Impaired sensory adaptation in the Fmr1-/- mouse model of autism
- Author(s): He, Cynthia
- Advisor(s): Portera-Cailliau, Carlos
- et al.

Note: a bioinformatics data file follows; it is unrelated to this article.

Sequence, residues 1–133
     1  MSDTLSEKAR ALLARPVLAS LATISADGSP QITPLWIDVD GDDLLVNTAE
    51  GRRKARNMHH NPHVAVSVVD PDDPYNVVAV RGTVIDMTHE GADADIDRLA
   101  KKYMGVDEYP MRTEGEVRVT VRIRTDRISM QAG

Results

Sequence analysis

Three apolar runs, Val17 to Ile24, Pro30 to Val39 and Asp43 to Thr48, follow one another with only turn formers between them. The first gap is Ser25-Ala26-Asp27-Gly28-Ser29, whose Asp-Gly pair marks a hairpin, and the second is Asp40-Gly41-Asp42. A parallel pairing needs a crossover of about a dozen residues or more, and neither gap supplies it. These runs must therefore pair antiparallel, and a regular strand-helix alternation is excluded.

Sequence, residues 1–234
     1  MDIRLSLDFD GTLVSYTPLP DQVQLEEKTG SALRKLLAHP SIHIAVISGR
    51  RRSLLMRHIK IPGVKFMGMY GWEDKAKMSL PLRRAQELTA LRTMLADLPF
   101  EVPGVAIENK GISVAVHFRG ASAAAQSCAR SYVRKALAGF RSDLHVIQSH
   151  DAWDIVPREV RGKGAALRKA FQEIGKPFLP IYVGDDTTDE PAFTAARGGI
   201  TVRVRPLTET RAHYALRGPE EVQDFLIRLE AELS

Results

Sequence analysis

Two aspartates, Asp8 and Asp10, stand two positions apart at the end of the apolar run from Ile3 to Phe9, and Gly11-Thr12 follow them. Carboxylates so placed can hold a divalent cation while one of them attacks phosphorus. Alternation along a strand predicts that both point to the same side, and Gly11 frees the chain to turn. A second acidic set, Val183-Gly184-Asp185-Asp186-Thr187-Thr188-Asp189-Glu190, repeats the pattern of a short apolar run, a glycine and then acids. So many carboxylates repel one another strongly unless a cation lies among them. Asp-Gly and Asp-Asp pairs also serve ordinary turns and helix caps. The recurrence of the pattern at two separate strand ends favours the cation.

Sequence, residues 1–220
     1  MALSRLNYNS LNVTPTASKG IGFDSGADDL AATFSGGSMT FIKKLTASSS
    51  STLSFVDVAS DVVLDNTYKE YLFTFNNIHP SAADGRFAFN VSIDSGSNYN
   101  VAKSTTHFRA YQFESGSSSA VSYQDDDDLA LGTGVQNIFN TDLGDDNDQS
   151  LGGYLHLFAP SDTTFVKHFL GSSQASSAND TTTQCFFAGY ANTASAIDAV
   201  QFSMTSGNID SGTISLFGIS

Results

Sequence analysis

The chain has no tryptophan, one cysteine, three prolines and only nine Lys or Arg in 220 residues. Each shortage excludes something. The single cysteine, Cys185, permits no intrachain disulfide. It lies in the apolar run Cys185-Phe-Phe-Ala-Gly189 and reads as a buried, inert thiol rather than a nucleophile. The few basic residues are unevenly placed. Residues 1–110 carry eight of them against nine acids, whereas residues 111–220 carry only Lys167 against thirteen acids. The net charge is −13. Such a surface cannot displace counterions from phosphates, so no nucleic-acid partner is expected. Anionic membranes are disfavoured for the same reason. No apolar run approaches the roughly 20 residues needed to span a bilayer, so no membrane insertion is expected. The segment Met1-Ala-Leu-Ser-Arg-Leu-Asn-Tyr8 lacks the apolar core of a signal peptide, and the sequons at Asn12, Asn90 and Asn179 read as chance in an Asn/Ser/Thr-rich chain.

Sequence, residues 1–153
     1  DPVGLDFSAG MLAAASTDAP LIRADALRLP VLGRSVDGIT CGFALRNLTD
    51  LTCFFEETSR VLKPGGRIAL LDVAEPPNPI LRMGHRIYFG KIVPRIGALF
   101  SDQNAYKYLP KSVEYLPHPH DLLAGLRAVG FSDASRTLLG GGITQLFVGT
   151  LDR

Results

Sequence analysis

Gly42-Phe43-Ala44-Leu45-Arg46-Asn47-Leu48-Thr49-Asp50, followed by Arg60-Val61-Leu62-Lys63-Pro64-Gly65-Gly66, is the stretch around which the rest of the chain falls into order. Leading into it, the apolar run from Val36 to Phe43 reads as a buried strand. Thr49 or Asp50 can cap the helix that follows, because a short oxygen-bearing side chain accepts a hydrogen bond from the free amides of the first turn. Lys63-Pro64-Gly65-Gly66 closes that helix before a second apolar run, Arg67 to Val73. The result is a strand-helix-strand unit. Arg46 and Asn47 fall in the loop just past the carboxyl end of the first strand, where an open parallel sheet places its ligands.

Sensory overreactivity is a common symptom in autism spectrum disorders (ASDs), including Fragile X Syndrome (FXS), and frequently leads to tactile defensiveness. In mouse models of ASDs, there is mounting evidence of neuronal and circuit hyperexcitability in several brain regions, which could contribute to sensory hypersensitivity. However, it is not yet known whether or how sensory stimulation might trigger abnormal sensory processing at the circuit level or abnormal behavioral responses in ASD mouse models, especially during an early developmental time when experience-dependent plasticity shapes such circuits. Using a new behavioral assay, we discovered exaggerated motor responses to whisker stimulation in young Fmr1-/- mice (postnatal days (P) 14-16), a model of FXS. Adult Fmr1-/- mice actively avoided the same stimulus, a sign of tactile defensiveness. Using a novel protocol for expressing and imaging GCaMP6s in L2/3 barrel cortex neurons of early postnatal mice, we found no differences between wild-type and Fmr1-/- mice in overall whisker-evoked activity, though 45% fewer neurons in young Fmr1-/- mice responded in a time-locked manner. Notably, we identified a pronounced deficit in neuronal adaptation to repetitive whisker stimulation in both young and adult Fmr1-/- mice. Thus, impaired adaptation in cortical sensory circuits is a potential cause of tactile defensiveness in autism.